Street Price: $49.99 US
Manufacturer: Tyco / Mattel
Mfgr's recommended min. age: 8+
Our recommended age range: 6-10
Primary use: Indoor or outdoors
Top speed: ~10mph
Radio: 27mhz (49mhz also available)
- Assembled vehicle
- 2x AA batteries for the controller
- Either 6x AA batteries for the vehicle, or
a 9.6V rechargable pack
Tyco is always the most daring RC manufacturer, coming up with some of the most original and bizarre designs for practically unexplainable vehicles year after year. I've had mixed experiences with these oddities. The Terrainiac and Terrain Twister both getting high marks, but the Shell Shocker completely flopped and the full-size N.S.E.C.T. was a noisy, overweight clunker. The Stunt Psycho looks pretty wild & wacky at first glance, but then you realize that it's fundamentally a four-wheeled car-like thing, which should make it harder for things to go wrong! The wheels, or tires, or whatever they are, are webbed and pretty flexible, and the yellow-colored toenail-looking things are made of rubber and should act like tire treads for extra grip.
Preparing to Drive
Ok, batteries are not included, but at first glance when you open up the battery hatch on the vehicle, it looks like it only takes 6 AA batteries. If you don't have rechargable AA's, I think that could get expensive. However, Tyco got really smart here and allows you to remove the AA battery holder and plug in a standard 9.6V rechargable Ni-Cad or NiMH battery pack! I really appreciate that flexibility. For this test, I went the simpler route and popped in some fresh AA's.
Off we go! The Stunt Psycho is not very on AA batteries, but it is fun, and unique to drive. It uses "tank steering," meaning you control both left wheels together, and both right wheels together, one side per lever on the controller. If you make both go forward, you go straight. If you make just the right ones go forward, but leave the left alone, it will go forward and turn left gradually. What's particularly cool is that you can make one side go forward and the other side go backwards, which makes the Stunt Psycho spin fast in a very small circle. You can quickly switch your spins clockwise to counterclockwise without risking any damage or stress to the motors because they're geared to have a lot of torque. If you drive straight backward, and then quickly go forward, the weight will shift back and the whole vehicle will do a big wheelie and stand on its back wheels, with the soft wing-like protrusions on top providing stability. While it's up on 2 wheels like this you can still steer and do even more impressive spins.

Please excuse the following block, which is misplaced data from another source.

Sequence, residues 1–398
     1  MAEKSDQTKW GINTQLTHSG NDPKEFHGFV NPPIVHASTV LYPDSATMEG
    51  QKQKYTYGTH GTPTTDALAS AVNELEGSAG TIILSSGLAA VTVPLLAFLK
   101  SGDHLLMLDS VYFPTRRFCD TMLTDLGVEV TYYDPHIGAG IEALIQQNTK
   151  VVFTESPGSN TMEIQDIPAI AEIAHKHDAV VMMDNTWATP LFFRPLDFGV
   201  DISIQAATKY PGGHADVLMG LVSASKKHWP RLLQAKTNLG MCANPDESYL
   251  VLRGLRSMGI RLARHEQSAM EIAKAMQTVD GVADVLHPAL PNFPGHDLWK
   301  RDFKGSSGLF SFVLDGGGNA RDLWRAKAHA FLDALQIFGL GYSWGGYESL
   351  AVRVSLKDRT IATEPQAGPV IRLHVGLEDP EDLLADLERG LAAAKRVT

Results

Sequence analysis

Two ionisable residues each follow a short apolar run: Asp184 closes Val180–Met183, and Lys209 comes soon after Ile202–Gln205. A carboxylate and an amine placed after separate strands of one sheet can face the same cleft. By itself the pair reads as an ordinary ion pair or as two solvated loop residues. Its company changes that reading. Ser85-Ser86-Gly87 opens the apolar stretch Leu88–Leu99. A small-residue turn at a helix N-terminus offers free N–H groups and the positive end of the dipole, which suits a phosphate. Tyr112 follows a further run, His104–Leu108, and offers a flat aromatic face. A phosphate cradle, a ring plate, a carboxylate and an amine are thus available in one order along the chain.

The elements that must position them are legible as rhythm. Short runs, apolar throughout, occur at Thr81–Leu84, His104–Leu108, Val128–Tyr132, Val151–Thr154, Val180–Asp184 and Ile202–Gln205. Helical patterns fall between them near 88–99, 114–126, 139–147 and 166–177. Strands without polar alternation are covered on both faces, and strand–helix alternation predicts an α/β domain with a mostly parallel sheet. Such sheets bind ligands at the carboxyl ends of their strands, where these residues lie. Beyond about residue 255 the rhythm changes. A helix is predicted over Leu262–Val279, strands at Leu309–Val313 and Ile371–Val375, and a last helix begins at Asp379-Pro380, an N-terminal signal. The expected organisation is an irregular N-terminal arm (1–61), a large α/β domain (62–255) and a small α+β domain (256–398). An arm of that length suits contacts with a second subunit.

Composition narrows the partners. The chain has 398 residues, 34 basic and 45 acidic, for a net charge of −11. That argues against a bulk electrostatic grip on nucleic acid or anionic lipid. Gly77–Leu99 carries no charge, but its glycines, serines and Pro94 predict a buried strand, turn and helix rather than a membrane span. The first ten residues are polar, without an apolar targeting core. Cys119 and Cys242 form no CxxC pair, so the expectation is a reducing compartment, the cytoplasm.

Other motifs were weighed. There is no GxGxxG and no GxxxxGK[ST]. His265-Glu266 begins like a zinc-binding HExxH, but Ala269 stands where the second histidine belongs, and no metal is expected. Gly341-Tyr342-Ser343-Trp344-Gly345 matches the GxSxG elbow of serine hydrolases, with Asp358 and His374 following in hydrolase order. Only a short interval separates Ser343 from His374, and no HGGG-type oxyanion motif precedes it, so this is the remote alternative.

It's also possible to flip the Stunt Psycho all the way upside-down, and it can still drive, though not as well. Little lobes or "cams" on the rear axles push against the "wings," and with a little back & forth motion you can flip it right side up. The instruction say that if you use the Turbo button on the controller, it's easier to flip it back like this. Speaking of the Turbo button, yeah, there is one. Unfortunately with AA batteries the difference between normal and Turbo speed is completely unnoticeable. It's supposed to be a much bigger difference when you use a rechargable 9.6V pack.
The whees/tires on the Stunt Psycho are flexible enough that you can drive right into a solid object and absolutely no damage will be done to either the car or the thing you hit -- it's like you have a big bumper or shock absorbers protecting all sides of the vehicle. That same flexibility, combined with the relatively large diameter and the high-torque motors & gearing, lets the vehicle get over pretty rough terrain with ease.
Bear in mind that this video was shot with AA batteries installed. The Stunt Psycho is supposed to be at least 30% faster and more powerful with a rechargable pack.
(Click a video a second time to view it larger in a new window.)
This is a weird toy, but it works as advertised, if not better, and I'm happy with it. The only negative is that no batteries are included, which makes it a little less of a value than some other RCs out there of the same price, but if you get (or already have) a 9.6V pack you'll be in great shape. The Stunt Psycho is kind of loud and also pretty agile, so it might not be the very best thing to run in a small room, especially with hardwood floors. However, the flexible wheels/tires (whatever they are!) are a real plus for driving in medium to large sized indoor spaces because they are less likely to put little dents on furniture, doors & baseboards than typical hard plastic bumpers. Outside it where it has plenty of room to breath, it really shines. Score one for Tyco!